The Oct. 4 editorial, Abuse, child deaths continue, about the Department of Children & Families, states that, “Ms. Jacobo should declare immediately that DCF’s policy of keeping families together — no matter what, it seems — can no longer be its overriding policy if children in mortal danger are to be rescued from their abusers.”
DCF does not have, nor has it ever had a policy of keeping families together regardless of the circumstances. However, we do follow Florida law, that states, “To preserve and strengthen the child’s family ties whenever possible, removing the child from parental custody only when his or her welfare cannot be adequately safeguarded without such removal.”
I have often said publicly that the answer to preventing child deaths is not as easy as removing more children from their biological parents. As the tragic case of Michael McMullen illustrates, removing a child does not ensure safety. Many of the heartbreaking child deaths we can recall by name were children who had been removed from their biological parents — Rilya Wilson and Nubia Barahona.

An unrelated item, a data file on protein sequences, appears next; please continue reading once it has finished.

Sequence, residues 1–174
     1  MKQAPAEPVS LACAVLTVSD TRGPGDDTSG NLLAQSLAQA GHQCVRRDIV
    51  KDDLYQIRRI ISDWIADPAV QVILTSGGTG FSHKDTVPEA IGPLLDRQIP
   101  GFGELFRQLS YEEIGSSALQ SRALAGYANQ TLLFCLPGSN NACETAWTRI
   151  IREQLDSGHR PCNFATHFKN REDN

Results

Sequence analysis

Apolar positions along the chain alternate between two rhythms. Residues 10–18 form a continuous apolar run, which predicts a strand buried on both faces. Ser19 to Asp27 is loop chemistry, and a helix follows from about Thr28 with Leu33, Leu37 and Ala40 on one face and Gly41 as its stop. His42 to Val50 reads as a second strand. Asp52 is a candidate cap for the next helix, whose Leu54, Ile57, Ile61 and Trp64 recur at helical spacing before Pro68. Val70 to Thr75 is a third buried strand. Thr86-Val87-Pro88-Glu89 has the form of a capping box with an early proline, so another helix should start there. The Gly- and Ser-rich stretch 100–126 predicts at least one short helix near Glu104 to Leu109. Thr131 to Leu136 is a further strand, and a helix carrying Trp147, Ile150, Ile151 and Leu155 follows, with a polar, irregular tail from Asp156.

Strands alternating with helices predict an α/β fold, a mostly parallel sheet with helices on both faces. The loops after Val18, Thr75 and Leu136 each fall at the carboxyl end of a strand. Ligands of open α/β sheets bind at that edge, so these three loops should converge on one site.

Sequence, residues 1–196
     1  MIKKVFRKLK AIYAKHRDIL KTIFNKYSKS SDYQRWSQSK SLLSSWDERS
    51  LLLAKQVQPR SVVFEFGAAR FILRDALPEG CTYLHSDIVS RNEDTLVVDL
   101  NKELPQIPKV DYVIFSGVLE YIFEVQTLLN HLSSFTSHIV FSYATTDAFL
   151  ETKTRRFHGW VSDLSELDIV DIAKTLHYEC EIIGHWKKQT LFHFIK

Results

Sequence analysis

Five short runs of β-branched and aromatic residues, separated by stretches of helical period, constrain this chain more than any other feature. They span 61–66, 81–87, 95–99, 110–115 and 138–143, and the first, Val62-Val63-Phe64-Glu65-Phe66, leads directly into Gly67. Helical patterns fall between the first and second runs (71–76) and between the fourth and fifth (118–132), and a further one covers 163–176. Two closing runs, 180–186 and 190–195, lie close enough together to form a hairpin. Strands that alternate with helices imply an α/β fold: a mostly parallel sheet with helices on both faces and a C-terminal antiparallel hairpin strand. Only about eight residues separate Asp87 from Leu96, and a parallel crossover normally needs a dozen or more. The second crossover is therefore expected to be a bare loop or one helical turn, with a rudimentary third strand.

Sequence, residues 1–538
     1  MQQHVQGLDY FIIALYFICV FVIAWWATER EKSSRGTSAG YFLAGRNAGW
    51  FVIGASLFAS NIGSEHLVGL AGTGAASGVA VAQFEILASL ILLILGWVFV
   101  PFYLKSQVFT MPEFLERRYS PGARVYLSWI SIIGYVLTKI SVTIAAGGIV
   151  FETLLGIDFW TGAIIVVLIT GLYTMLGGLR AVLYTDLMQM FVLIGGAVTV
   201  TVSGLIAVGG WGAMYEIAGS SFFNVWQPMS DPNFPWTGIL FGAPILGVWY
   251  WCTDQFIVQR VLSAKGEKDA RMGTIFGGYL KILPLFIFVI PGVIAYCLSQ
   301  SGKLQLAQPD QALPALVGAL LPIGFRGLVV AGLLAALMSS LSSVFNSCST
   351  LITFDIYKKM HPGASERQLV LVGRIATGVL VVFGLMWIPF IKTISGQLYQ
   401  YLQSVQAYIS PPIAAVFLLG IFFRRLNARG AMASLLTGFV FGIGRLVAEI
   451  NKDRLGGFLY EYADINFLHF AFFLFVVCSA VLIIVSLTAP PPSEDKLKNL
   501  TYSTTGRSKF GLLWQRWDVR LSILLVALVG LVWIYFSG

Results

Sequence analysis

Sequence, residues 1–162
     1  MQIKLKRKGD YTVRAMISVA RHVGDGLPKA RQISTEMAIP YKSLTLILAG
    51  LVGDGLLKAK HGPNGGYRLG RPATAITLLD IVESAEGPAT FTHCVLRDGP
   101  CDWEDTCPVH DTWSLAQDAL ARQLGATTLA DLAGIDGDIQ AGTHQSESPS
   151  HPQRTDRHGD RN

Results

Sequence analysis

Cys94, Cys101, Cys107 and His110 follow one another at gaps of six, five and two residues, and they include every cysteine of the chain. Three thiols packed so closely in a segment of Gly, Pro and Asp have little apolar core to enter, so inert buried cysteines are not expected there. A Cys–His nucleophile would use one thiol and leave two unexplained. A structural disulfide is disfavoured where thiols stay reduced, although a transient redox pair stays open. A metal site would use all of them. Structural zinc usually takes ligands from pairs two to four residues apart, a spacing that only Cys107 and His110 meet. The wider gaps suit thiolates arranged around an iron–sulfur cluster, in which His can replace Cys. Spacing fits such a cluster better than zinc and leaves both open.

I recognize that informed and effective decision-making is absolutely essential to the process of ensuring child safety, and that is why we are working diligently to implement the Safety Methodology to strengthen and broaden how we make decisions. But no method is foolproof; we can only strive to create the best methodology possible and then commit to constant re-evaluation and improvement. All input and criticism, including that from this newspaper, is welcome and encouraged and will be part of making the department and our community-based-care partners better at protecting Florida’s children and families.
Esther Jacobo, interim secretary, Florida Department
of Children & Families, Tallahassee